Colonization rates and distances of a host butterfly and two specific parasitoids in a fragmented landscape
* Correspondence author: S. van Nouhuys, Department of Ecology and Evolutionary Biology, Corson Hall, Cornell University, Ithaca, NY 14853, USA. Fax: (607) 255 8088. E-mail: firstname.lastname@example.org
- 1We describe the pattern of colonization of suitable, but currently empty, habitat by a host butterfly and two specialist parasitoids living in a highly fragmented landscape.
- 2Using survey data collected over 8 years, field sampling and small-scale experiments we show that the ability of the Glanville fritillary butterfly ( Melitaea cinxia ) to colonize new habitat is intermediate between that of its two larval primary parasitoids.
- 3The butterfly forms a classic metapopulation, which the parasitoid Hyposoter horticola experiences as a single patchily distributed host population because of its high rate of dispersal and long colonization distances. In contrast, most of the local butterfly populations are presently inaccessible to the parasitoid Cotesia melitaearum, which has a limited dispersal range and therefore persists only in tightly clustered networks of host populations.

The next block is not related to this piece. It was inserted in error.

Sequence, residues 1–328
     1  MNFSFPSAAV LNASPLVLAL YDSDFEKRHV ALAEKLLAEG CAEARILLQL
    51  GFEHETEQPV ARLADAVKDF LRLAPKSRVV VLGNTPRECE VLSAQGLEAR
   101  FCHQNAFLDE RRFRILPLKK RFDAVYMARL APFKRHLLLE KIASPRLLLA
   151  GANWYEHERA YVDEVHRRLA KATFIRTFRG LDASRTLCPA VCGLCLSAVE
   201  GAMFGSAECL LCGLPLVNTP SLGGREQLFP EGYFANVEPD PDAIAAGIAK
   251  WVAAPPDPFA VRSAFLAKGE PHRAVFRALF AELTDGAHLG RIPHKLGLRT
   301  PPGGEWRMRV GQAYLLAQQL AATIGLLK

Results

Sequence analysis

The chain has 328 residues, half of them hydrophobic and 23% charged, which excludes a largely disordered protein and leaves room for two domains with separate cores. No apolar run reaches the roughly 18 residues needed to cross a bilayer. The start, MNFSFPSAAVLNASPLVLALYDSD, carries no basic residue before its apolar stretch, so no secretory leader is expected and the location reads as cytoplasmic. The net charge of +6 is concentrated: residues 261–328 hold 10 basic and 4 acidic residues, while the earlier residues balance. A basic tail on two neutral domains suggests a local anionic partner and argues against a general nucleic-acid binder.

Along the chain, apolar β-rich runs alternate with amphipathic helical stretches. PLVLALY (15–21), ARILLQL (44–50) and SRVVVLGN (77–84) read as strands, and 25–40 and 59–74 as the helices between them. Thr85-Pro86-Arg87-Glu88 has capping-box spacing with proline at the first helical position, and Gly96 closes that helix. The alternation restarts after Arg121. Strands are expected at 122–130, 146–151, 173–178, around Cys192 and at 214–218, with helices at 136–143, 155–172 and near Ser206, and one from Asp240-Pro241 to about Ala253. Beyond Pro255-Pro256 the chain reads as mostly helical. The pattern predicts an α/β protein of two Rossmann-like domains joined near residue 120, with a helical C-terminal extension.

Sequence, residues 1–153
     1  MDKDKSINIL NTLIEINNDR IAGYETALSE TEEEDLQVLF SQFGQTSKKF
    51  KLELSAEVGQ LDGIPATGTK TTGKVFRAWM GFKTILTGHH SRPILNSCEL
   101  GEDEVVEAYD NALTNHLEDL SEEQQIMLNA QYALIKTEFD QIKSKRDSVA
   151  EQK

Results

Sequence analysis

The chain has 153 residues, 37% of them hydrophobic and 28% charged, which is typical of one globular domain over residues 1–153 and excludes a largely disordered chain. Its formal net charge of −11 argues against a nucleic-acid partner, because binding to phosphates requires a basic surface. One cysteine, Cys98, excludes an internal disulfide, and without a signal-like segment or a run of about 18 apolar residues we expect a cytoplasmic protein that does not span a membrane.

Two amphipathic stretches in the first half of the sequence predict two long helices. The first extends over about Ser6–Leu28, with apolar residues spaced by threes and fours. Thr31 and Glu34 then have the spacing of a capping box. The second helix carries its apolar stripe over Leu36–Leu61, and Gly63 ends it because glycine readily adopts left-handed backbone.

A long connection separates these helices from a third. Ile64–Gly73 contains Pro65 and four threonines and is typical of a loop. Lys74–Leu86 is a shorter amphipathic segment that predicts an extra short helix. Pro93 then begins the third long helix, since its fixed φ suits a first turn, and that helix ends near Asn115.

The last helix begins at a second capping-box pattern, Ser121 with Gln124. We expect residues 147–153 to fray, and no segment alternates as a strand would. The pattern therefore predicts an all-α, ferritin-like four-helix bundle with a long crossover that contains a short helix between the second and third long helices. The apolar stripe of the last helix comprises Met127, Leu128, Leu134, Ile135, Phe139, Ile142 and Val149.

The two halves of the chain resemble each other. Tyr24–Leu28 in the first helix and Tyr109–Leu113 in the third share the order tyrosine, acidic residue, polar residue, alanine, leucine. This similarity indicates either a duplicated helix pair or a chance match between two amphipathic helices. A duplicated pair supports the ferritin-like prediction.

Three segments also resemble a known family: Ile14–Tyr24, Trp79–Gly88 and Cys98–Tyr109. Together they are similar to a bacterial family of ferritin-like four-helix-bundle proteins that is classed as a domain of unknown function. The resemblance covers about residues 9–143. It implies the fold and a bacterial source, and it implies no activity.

- 4At the regional scale, the butterfly may escape C. melitaearum by colonizing empty habitat, but host dispersal does not limit parasitism by H. horticola, which consequently must be limited by local interaction.
- 5The parasitoid H. horticola mostly avoids direct competition with C. melitaearum because the majority of H. horticola populations are outside the range of dispersal by current C. melitaearum populations. In contrast, all C. melitaearum populations experience competition with H. horticola .